They had prepared all the things they wanted to save when evacuated during the threat of the Thomas Fire but had put everything back and, since they were not in the mandatory evacuation zone, felt reasonably safe. Jeff says he lost all the paintings he had in his garage and in his studio. Some were quite valuable.

“When I was trying to get out of the bedroom,” Jeff relates, “I thought, ‘What else do I need? Should I get the Olympic medals? Nah,’ I told myself, so they are buried someplace in all that mud.”

The larger estates along Olive Mill didn’t escape the damage either

Other refugees taking shelter at Coldwell Banker included Carolene Tacconelli, who, along with her daughter, Allessandra, walked out in the middle of the night along Eleven Oaks Lane and came through the opening behind CVS to escape the flood. “The light from the fire lit up the entire area,” she says, adding, “then I heard this [horrific] sound and wondered, ‘What is that?’ I got up on a chair and looked out at Olive Mill and cars and things were just flying by. I yelled at my daughter to ‘get up and get out… now.'”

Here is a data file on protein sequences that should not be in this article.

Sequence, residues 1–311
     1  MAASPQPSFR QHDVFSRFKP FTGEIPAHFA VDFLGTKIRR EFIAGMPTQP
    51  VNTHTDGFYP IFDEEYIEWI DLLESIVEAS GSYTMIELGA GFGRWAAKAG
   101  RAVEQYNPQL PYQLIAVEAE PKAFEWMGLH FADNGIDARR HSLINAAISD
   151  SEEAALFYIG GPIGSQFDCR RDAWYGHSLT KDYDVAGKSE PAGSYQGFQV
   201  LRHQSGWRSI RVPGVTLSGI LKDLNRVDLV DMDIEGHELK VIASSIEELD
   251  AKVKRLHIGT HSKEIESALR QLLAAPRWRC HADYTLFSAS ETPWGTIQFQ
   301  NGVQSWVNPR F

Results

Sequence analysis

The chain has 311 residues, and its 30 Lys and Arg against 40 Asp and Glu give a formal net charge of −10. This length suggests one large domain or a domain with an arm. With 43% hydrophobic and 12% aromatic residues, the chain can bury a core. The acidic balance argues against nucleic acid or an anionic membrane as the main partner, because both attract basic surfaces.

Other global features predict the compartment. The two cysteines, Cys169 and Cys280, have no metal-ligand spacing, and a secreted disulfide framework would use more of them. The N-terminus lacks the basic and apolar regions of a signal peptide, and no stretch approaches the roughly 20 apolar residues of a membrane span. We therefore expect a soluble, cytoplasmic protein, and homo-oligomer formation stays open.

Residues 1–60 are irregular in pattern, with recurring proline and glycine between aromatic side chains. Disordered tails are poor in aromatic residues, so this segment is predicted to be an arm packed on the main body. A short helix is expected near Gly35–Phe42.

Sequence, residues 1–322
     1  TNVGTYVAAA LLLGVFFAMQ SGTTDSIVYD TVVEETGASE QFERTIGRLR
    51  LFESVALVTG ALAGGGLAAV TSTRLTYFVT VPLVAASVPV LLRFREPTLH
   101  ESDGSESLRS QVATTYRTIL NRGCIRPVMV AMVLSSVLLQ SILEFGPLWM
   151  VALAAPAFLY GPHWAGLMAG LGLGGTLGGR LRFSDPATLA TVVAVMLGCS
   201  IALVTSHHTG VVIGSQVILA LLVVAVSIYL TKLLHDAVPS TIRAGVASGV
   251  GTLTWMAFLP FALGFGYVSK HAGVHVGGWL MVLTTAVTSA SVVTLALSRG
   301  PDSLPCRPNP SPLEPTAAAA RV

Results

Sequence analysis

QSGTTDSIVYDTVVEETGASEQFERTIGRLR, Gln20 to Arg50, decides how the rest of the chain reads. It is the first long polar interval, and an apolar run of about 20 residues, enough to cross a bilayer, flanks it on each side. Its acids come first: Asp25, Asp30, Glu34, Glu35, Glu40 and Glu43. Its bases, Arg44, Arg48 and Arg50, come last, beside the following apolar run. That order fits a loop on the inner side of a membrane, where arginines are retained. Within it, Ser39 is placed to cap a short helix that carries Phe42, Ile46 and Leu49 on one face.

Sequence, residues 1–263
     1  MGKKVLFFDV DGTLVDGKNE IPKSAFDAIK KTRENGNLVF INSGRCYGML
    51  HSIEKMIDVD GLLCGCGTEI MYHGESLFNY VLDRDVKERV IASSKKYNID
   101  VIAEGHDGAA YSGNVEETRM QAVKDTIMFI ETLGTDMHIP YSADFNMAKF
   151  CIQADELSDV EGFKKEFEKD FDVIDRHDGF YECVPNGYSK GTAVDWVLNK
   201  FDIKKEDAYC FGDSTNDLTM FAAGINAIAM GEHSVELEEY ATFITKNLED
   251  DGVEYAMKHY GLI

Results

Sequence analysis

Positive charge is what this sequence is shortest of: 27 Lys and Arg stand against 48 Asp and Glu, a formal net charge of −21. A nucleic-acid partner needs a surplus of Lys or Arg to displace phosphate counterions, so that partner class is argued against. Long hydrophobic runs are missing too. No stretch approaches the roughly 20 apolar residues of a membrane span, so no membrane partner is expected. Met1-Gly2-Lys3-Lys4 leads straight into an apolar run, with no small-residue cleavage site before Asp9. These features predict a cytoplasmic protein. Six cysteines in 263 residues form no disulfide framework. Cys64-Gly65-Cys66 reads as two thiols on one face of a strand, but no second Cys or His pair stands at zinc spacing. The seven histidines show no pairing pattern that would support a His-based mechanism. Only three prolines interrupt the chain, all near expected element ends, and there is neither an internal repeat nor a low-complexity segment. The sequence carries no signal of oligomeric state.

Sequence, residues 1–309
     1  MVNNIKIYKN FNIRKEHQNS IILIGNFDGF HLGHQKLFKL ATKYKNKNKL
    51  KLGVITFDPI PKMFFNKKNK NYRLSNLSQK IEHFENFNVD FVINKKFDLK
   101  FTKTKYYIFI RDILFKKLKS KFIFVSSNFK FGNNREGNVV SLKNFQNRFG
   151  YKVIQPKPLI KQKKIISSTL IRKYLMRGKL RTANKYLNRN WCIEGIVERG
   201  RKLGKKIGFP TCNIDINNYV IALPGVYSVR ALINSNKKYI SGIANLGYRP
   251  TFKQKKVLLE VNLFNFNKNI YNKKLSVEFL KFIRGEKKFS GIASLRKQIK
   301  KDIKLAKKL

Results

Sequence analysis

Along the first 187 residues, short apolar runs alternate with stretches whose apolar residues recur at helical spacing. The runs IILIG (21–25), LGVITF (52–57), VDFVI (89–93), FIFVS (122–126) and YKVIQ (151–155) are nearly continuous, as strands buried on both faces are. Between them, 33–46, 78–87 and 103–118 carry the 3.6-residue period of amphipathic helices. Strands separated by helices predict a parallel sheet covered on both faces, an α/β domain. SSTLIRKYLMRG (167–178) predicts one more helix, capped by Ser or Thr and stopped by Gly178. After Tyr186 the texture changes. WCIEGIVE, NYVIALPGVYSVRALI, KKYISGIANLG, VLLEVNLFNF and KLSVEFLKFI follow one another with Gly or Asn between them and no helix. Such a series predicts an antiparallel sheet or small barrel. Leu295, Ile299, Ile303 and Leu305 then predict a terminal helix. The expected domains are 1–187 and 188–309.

For the next few days, perhaps even the next week, Highway 101 will be closed to through traffic, as will train service to and from Santa Barbara. If you really need to get south, the best option until 101 is back in service, will be the shuttle Condor Express has initiated from Sea Landing on Cabrillo Boulevard. The Condor Express, in concert with Island Packers in Ventura, will be making regular trips up and down the coast at a modest $32.50 each way.